It has been a year of “good enough”. Movies that are just good enough to attract audiences and make a small, but good enough, profit seem to have proliferated. Films that deliver on minimum expectation without ever reaching to be great have scattered the year and, as business models go, it seems to have worked. Movies like The Magnificent Seven, The Finest Hours, Don’t Breathe and Ghostbusters are all perfectly serviceable, good enough pieces of entertainment but lack “rewatch-ability”, once you’ve seen them there’s very little need to go back and watch them again. To a certain extent, good enough movies are critic-proof, they seem more than happy to be 3-star rated because that’s what they were designed to be, no more, no less. What this means for the future, only time will tell but, I suspect, with the continued rise of internet streaming and films released simultaneously in cinemas and on-demand what might be good for the studios may not be so great for cinemas themselves.

Which brings us to the prospect of not one, but two new cinemas opening in Colchester within the next year or two. Curzon is definitely going ahead, albeit slowly, in Queen Street on the site formerly owned by Keddies department store (ask your parents, kids) and Cineworld will be opening their doors to a 12 screen, 3083 seat multiplex (including an IMAX screen and a 4D theatre) though its location, due to legal wranglings and local government ineptitude red-tape (probably) has yet to be finalised. This would take Colchester back to being a three-cinema town, something not seen since the old Cameo Cinema closed its doors in late 1972, but, significantly, there were only three screens between all of them. Supporters of the Curzon project would hope that it will feature a more varied diet than that offered at the local Odeon, but a quick look on the internet at the fare being offered by Curzon’s other out-of-London theatre (Canterbury) shows their programme to be disappointingly familiar. Still, we live in hope. Curzon looks set to open late 2017 and Cineworld? Well, don’t go getting yourself an Unlimited card just yet, I’m thinking 2018 if we’re extremely lucky.

Back to 2016 and, I guess, in the time-honoured tradition of film critics everywhere, I owe you a list of my favourite movies of the year. Please bear in mind that this list is HUGELY subjective (I’m not trying to objectively countdown what was the BEST movies of the year here); these are all films that were on general release AND available to see at the Colchester Odeon; do not reflect the opinions of Simon or any of the other marvellous Colchester101 contributors.

10 The Hateful Eight – Quentin Tarantino’s epic who-will-do-what-and-to-whom? As much a polemic on contemporary America as it is a gloriously twisted, gory and goofy play on everything he has made before.

9 The Witch (or is that The VVitch?) – Definitely a horror movie (despite what some may say) and confirmed a life-long suspicion of goats. Wracks up the tension relentlessly with metaphysical angst and dread, left me glad to step out into the sunlight again (in a good way).

8 Hell or High Water – The Chris Pine/Ben Foster movie which wasn’t The Finest Hours and the film I wish Cormac McCarthy had made rather than The Counsellor. A contemporary Western in which all the hats are shades of grey rather than simply black or white. Also, Jeff Bridges best work in ages.

7 Room – What could have been a depressing wade through the darker recesses of human desire was, actually, one of the most hopeful and emotionally joyous movies of the year.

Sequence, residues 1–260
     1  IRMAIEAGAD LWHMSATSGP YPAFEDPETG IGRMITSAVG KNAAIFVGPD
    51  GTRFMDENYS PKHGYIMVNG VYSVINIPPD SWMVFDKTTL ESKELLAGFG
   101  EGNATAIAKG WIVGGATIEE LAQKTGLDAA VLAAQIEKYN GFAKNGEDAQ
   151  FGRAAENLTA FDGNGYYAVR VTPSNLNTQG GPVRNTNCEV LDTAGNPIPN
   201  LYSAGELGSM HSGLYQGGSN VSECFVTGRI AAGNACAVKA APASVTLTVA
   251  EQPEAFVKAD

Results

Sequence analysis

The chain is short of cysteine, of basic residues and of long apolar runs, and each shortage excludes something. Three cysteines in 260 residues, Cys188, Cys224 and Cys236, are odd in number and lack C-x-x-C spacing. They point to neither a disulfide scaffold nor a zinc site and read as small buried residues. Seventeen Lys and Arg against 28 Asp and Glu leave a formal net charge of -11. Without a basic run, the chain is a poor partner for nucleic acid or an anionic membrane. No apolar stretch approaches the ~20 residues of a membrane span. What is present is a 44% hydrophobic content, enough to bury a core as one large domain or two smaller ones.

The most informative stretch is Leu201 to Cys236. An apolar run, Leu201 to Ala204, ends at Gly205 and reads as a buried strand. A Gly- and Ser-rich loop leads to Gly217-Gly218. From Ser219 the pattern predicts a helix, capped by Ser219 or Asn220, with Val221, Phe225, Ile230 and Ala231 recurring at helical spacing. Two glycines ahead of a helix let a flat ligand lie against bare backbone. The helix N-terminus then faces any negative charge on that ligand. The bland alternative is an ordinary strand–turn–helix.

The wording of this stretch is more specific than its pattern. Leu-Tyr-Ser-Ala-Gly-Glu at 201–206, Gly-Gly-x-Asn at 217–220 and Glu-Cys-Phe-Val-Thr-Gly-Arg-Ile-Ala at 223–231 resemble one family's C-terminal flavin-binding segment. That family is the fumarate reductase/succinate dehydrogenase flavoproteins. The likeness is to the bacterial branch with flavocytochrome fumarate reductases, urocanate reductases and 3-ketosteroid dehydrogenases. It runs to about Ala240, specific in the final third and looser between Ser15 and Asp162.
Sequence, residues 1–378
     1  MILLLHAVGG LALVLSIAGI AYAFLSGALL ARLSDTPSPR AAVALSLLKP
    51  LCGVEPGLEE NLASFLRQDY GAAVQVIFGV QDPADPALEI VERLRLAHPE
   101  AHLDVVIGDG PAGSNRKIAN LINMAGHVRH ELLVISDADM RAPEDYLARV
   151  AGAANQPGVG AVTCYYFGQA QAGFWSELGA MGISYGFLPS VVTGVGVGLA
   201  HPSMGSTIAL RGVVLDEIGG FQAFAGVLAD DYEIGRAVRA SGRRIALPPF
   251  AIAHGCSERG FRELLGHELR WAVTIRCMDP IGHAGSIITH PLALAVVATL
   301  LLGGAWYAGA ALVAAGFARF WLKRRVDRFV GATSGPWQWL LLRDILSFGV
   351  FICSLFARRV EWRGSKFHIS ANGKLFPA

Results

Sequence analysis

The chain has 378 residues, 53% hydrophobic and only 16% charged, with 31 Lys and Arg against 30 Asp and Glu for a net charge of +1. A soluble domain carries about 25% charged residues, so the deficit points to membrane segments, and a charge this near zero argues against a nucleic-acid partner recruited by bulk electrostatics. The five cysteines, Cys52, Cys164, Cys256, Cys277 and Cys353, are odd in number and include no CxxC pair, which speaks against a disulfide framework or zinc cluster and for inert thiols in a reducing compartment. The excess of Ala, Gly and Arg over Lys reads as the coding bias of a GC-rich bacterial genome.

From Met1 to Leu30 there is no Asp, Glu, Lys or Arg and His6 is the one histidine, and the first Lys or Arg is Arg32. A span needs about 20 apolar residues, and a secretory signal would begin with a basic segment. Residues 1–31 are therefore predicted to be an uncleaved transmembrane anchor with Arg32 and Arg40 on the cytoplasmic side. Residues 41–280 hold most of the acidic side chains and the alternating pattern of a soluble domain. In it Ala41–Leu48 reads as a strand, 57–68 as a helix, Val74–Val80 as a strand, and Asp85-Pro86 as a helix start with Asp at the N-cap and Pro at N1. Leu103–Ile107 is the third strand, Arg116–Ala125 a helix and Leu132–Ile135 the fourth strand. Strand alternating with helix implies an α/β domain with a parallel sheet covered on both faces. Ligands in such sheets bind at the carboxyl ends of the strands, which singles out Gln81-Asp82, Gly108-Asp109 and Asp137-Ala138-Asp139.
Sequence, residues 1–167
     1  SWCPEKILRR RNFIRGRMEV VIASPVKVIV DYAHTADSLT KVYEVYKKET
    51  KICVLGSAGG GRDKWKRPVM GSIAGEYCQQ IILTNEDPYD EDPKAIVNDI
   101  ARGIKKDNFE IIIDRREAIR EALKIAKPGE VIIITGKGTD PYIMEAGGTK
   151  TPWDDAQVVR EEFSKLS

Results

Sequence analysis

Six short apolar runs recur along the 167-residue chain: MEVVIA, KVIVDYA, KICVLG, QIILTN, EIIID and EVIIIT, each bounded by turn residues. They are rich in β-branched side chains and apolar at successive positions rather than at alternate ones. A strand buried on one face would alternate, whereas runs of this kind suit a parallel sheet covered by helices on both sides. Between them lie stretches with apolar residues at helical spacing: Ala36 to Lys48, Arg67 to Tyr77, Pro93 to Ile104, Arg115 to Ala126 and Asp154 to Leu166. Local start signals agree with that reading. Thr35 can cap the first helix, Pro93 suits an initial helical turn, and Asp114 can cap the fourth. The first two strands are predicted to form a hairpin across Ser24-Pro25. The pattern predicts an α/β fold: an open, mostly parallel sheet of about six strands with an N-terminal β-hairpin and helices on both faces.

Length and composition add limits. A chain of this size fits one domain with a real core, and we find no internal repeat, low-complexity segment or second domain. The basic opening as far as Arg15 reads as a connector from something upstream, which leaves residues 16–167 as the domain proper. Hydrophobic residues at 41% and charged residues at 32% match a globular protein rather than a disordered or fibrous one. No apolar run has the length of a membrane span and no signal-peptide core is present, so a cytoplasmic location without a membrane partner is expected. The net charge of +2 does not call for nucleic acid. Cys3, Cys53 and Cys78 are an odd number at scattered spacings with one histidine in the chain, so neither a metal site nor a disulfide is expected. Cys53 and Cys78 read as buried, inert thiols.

6 Hail, Caesar! – The Coen Brothers delivered with this tale of Golden Age Hollywood and reds-under-the-beds with typical Coen Brothers quirk, brio and laughter and I, for one, couldn’t have been happier. Still chuckling about the Ralph Fiennes/Alden Ehrenreich “Would that it were so simple” exchange.

5 Captain America: Civil War – Hands-down, not only the best superhero movie of the year but one of the best movies of the year. Solid story-telling backed with three-dimensional characters, moral complexity, stunning action sequences and respect for the intelligence of the audience.

4 Kubo and the Two Strings – It’s been a great year for family films, Zootropolis, The Jungle Book, Pete’s Dragon, Fantastic Beasts and The Secret Life of Pets could all have made my list, but I decided to plump for Laika Studios’ Kubo for its sheer technical brilliance and the importance of the message it carries. It’s a movie that no one seems to be talking about but deserves so much more attention. I’d urge everyone to seek it out.

3 The Nice Guys – A movie with a big heart, a dirty mind and everything you’d want from a Shane (Lethal Weapon) Black movie. And manages the seemingly impossible act of making Russell Crowe loveable. I loved every twisted, ridiculous minute of it.

1 = Arrival and Moana – I just couldn’t split these two for my favourite of the year. Arrival delivered one of the most intelligent and nuanced science-fiction movies in years and, like all the best sci-fi films, is so much more than the sum of its parts. In terms of pure entertainment Moana represented the most enjoyable 113 minutes of the year and the only movie I wanted to rush back into the cinema and see again.

Now, the bit I’ve been dreading, revisiting those movies that made me want to eat my own head: My most hated movies of 2016!

Yes, I disliked Batman Vs. Superman: Dawn of Justice and Suicide Squad, hated Passengers and London Has Fallen and despised Bad Santa 2, but the bunny-currant on top of the dog-poop ice-cream has got to be the truly abysmal Dirty Grandpa. No other movie made me want to tear my own eyeballs out of their sockets and poke about at the squishy bits inside with a stick more than Dirty Grandpa. Hated hated hated it.

I won’t leave on that sour note. I’ve been fortunate enough to see a few of the movies coming in 2017 and I hope that they are representative of the year as a whole: terrific, intelligent and entertaining films like Moonlight, Manchester by the Sea, The Autopsy of Jane Doe and, the sublime, La La Land.